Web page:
Parts of Your Estate Plan

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Parts of Your Estate Plan

Your estate plan will consist of a few different documents. Some of the documents that we prepare are listed below. Additional documentation may be needed for your particular situation.


A will provides for the disposition of your property upon your death. It provides you the opportunity to specify who will receive your property, who will manage your estate (your personal representative), and who you would like to act as guardian of your minor children. A will may be revoked or changed at any time before your death (although it is possible to create a will that cannot be changed).

Living Trust (Revocable Trust)

A living trust allows you to avoid probate and keep your financial matters private; however, it does not avoid death taxes. During your lifetime, you are the trustee of the trust and can change the terms of the trust. Upon your death or disability, the successor trustee would manage the trust property and distribute the trust assets in accordance with the terms of the trust. In conjunction with establishing a trust, it is important to actually transfer your assets to the trust.

General Durable Power of Attorney

A power of attorney appoints another person to act on your behalf. The person appointed is your “attorney-in-fact” and has a fiduciary obligation to act on your behalf. A general durable power of attorney is unlimited (covers all acts) and will continue to be effective even if you are incapacitated. A general durable power of attorney will hopefully eliminate the need for a court-appointed guardian in the event you are unable to manage your own affairs.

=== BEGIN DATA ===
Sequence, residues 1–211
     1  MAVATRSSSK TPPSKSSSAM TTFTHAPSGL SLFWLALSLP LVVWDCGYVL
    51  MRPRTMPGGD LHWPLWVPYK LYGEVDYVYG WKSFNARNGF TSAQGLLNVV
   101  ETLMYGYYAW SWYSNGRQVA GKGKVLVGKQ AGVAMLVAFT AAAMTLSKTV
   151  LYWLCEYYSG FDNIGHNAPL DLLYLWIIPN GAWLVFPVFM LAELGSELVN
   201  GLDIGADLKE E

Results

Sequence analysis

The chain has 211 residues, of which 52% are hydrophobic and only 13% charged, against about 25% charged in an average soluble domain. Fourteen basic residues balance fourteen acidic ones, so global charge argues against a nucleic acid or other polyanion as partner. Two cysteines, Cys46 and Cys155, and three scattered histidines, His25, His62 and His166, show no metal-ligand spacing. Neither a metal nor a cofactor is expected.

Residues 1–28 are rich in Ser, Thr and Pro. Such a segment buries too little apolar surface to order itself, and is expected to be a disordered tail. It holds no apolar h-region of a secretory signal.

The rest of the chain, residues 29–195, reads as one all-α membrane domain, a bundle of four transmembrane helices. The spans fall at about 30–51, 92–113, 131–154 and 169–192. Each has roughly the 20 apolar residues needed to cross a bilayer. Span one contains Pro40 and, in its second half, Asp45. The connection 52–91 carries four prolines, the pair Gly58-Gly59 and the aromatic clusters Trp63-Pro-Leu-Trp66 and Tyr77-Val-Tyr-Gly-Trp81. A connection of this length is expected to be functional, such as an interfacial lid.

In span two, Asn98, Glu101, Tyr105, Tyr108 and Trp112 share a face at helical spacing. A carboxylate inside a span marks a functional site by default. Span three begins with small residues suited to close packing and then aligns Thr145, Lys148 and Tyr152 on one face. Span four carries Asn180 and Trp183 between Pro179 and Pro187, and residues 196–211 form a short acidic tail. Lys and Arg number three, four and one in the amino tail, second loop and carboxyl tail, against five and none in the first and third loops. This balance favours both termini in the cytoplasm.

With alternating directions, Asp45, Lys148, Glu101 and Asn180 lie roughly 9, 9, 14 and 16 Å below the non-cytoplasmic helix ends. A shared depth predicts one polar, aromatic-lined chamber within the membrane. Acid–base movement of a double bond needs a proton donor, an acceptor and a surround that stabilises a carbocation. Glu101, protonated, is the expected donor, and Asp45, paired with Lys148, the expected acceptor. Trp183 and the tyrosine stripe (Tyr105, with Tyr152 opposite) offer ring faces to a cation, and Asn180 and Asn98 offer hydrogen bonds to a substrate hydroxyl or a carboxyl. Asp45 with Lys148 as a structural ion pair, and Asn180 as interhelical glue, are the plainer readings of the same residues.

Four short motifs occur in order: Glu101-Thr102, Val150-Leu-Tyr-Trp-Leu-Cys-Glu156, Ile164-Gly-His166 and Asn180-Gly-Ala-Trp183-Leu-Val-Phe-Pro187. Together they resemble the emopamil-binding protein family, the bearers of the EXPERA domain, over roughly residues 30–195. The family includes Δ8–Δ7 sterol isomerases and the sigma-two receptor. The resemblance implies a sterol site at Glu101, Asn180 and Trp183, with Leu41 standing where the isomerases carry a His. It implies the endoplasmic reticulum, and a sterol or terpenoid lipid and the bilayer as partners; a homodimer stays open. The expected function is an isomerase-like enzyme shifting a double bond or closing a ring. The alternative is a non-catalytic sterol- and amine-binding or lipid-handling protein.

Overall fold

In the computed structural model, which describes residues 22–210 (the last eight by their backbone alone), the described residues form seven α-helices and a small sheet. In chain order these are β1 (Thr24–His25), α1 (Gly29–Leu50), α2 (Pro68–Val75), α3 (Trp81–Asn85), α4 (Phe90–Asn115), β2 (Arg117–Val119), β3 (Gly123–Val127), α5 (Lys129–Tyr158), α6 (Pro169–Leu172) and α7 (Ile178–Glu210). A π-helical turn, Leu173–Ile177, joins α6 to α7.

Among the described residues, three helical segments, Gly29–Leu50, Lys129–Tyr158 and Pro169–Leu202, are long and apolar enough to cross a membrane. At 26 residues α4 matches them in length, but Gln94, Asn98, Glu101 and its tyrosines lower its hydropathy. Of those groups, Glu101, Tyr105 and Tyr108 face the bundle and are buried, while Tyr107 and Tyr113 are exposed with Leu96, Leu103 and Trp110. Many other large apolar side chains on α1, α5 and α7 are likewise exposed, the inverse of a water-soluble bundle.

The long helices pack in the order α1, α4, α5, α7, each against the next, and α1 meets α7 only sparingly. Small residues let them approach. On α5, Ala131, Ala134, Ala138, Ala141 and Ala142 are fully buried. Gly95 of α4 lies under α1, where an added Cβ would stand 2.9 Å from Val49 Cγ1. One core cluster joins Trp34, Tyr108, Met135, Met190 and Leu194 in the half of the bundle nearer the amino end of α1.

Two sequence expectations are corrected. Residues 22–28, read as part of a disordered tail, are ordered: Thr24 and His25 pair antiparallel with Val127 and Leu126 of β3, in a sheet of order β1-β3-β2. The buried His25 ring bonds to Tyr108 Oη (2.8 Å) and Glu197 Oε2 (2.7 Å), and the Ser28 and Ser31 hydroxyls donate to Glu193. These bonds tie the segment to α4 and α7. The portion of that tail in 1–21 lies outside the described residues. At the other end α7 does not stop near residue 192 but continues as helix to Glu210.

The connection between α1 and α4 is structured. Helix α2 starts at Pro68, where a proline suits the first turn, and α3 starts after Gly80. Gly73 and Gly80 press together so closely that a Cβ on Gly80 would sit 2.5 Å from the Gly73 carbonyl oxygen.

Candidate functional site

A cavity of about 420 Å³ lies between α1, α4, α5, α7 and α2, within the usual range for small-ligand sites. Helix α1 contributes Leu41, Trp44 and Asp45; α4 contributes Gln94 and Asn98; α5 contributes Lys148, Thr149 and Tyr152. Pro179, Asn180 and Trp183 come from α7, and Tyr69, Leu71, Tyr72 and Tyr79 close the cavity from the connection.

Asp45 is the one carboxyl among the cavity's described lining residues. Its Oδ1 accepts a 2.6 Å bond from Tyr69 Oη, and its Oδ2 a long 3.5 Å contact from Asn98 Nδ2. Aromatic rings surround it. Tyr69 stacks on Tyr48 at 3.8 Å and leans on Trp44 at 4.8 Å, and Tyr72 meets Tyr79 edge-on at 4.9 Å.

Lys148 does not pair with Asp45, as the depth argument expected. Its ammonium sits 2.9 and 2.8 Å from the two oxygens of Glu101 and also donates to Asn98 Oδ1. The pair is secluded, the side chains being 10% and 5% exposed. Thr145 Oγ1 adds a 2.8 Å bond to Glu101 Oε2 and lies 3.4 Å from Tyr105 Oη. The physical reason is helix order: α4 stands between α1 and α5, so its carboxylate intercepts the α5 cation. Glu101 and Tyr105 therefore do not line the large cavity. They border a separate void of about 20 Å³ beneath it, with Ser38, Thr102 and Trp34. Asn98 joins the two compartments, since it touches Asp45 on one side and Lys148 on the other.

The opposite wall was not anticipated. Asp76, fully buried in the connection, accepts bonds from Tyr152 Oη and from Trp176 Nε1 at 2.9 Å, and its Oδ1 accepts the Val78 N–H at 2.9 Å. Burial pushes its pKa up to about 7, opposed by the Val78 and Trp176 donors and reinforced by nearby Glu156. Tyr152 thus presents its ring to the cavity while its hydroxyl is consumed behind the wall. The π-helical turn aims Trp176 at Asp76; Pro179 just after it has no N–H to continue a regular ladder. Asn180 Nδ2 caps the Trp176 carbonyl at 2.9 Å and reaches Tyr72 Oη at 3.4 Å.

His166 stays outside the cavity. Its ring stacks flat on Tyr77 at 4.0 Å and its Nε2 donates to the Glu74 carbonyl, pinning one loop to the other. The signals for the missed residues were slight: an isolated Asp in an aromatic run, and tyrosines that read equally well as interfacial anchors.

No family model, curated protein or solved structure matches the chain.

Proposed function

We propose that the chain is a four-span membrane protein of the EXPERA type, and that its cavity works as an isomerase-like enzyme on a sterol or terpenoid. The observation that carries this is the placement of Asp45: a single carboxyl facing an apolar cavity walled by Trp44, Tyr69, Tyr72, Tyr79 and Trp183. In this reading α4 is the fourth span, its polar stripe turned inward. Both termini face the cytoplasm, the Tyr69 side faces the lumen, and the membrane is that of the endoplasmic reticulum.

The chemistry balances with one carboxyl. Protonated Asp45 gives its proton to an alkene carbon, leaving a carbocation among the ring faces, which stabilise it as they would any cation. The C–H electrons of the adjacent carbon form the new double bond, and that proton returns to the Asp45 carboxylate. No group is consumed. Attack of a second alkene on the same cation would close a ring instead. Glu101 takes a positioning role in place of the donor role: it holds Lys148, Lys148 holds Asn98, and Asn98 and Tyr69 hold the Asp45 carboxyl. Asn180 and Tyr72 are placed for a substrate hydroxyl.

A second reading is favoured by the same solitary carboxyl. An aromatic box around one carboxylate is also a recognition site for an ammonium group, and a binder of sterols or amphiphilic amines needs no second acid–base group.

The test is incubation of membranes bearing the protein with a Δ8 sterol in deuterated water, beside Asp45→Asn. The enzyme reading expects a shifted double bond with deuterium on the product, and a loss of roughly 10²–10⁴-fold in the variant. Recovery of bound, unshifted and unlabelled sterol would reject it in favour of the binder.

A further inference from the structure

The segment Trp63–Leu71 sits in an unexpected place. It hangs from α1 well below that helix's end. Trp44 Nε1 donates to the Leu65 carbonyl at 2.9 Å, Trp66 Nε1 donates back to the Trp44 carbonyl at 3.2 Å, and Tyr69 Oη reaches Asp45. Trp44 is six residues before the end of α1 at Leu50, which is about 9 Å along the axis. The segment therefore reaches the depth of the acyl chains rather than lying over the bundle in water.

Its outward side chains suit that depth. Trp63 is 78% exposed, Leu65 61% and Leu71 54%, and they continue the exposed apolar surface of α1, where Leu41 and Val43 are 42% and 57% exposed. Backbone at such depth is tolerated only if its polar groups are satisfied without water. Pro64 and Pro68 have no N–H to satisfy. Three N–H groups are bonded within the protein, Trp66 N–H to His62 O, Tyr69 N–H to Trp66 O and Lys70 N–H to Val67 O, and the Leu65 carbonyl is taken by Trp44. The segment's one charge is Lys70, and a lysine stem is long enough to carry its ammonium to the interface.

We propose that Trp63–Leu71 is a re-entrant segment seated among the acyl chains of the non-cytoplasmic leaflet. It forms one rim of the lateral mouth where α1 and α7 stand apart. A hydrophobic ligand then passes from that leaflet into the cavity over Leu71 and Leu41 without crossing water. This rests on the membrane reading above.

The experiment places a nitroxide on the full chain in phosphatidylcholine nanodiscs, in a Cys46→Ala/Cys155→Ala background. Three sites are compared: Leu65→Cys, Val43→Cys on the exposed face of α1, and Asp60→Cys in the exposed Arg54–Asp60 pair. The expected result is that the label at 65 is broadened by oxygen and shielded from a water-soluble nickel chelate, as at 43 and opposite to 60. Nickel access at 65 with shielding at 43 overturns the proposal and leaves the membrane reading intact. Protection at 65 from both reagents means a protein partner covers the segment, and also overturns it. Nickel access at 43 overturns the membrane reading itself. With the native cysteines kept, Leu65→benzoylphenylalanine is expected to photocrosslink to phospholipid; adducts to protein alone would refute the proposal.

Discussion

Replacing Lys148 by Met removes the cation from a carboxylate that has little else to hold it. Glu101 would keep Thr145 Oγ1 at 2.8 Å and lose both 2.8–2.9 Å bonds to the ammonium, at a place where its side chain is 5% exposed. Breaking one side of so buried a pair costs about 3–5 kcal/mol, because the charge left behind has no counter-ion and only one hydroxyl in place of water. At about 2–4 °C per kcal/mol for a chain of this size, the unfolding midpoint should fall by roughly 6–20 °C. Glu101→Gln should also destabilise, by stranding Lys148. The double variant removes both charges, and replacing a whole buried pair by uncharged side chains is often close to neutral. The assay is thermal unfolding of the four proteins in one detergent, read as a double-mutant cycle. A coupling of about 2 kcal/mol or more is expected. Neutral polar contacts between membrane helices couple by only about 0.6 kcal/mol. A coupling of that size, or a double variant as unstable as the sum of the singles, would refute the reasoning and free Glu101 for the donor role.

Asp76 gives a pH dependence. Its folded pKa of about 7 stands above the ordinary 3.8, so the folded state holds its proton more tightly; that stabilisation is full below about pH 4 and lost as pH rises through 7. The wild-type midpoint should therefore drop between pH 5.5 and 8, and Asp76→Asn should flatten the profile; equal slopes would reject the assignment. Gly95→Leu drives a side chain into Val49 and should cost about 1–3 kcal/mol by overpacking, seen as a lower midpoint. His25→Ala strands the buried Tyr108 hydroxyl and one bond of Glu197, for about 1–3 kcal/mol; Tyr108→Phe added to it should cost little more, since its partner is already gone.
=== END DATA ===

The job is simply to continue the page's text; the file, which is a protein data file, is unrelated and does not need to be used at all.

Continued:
Advance Health Care Directives

Your advance health care directives address who will be in charge of making medical decisions on your behalf if you cannot make those decisions for yourself. The directives also allow the nominated person access to your private health information. The last part of your directives allows you to make choices regarding end-of-life treatments that your designated person will use in making those decisions on your behalf. They also typically contain information that states, in the event of a terminal illness, life-prolonging procedures are not to be used or are to be withdrawn if they have already been used.


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